US-China gap on highly cited researchers continues to shrink

UK remains third on list for number of scientists but Germany and Australia have made up ground

November 18, 2020
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The gap between the US and China in a key list of scientists producing the most-cited research in the world is shrinking rapidly, the latest data suggest.

One in eight people on the 2020 list of highly cited researchers, which identifies scientists who published multiple Web of Science papers ranked in the top 1 per cent for citations from 2009 to 2019, are now based in mainland China.

Although US-based researchers still make up 41.5 per cent of the 6,167 people on the list, produced by Clarivate, their share has dropped almost 3 percentage points from last year while China’s share is up almost 2 percentage points (from 10.2 per cent to 12.1 per cent). 

Overall, China now has 770 highly cited researchers – combining those identified in each of 21 separate disciplines as well as a special “cross-field” category – a number that has leapt 60 per cent in just two years.

It also now has its first university in the top 10 institutions by the number of highly cited researchers, with Tsinghua University rising 10 places from 19th to ninth from last year. Harvard University still has the most scientists on the list, with 188.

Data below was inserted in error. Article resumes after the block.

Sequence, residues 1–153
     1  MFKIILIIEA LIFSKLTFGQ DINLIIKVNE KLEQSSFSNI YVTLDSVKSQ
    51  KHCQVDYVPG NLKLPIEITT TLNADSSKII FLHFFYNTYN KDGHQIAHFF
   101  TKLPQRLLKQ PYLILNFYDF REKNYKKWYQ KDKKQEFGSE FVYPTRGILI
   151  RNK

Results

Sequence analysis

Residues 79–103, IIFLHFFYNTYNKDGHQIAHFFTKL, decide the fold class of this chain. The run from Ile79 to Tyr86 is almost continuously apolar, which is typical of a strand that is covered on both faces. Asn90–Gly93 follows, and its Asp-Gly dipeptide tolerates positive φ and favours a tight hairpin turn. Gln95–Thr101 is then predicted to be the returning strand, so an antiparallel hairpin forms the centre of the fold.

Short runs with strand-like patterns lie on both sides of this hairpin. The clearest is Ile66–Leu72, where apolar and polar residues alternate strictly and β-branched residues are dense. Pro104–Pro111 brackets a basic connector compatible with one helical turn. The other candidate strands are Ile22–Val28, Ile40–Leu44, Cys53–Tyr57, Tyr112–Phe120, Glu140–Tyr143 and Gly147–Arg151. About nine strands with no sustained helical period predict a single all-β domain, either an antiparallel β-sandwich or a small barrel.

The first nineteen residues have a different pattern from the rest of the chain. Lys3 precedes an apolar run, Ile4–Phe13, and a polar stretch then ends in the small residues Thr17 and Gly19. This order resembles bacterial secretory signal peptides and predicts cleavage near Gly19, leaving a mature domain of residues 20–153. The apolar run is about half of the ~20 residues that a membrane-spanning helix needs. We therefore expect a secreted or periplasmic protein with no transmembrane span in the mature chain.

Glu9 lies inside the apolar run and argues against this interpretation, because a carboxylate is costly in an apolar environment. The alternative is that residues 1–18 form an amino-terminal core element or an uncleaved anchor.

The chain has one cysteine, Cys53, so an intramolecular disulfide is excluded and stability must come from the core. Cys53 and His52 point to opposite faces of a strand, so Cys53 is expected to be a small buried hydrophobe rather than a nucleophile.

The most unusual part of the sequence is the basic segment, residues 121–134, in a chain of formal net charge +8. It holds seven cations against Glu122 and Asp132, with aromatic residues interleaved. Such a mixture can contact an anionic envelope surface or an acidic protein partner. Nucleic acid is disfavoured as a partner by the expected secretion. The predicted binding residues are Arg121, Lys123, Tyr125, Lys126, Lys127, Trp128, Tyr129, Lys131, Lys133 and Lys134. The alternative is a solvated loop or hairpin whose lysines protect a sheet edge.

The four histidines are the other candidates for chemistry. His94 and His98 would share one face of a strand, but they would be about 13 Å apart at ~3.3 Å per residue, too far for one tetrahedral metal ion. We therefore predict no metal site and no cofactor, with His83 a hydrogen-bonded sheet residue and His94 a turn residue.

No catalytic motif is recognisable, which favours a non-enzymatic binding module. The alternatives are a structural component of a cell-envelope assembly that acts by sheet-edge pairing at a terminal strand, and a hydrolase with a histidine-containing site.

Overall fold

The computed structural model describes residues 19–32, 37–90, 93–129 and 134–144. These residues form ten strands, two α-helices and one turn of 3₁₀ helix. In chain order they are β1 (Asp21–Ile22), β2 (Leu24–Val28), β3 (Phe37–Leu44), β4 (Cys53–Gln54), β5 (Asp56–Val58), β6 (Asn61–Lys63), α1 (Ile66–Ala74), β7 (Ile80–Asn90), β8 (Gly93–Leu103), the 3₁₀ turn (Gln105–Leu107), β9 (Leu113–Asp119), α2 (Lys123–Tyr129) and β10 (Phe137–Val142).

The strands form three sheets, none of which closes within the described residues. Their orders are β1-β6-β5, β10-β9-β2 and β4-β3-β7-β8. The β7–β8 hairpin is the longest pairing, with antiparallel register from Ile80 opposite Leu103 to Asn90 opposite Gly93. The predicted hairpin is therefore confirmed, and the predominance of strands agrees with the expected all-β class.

In a report accompanying the list, Clarivate says that the “headline story” was “one of sizeable gains for mainland China and large losses for the United States, which reflects a transformational rebalancing of scientific and scholarly contributions at the top level through the globalization of the research enterprise”.

The number of highly cited researchers based in the UK has remained stable, with 514 people on the list – 8 per cent of the total. However, the gap between the UK – which was already overtaken by China last year – and other countries is closing. For instance, Germany now has 345 people on the list, a 5.4 per cent share, while Australia stands at 305 or a proportion of 4.8 per cent.

“Australian research institutes continue to punch above their weight,” Clarivate says, given that the size of its population was much lower than other countries in the top five. “Australian research institutions appear to have recruited a significant number of highly cited researchers in recent years while also increasing their number of homegrown talent.”  



This year’s list includes 26 Nobel laureates, including three announced earlier this year: Emmanuelle Charpentier and Jennifer Doudna (chemistry) and Reinhard Genzel (physics).  

A total of 3,896 researchers were selected for their performance in the 21 different fields, and 2,493 for cross-field performance, with a number of scientists qualifying in more than one discipline.

Nine researchers were recognised as being highly cited in three or more different fields, including four based in the US, two in China, two in Europe and one in South Korea.

simon.baker@timeshighereducation.com

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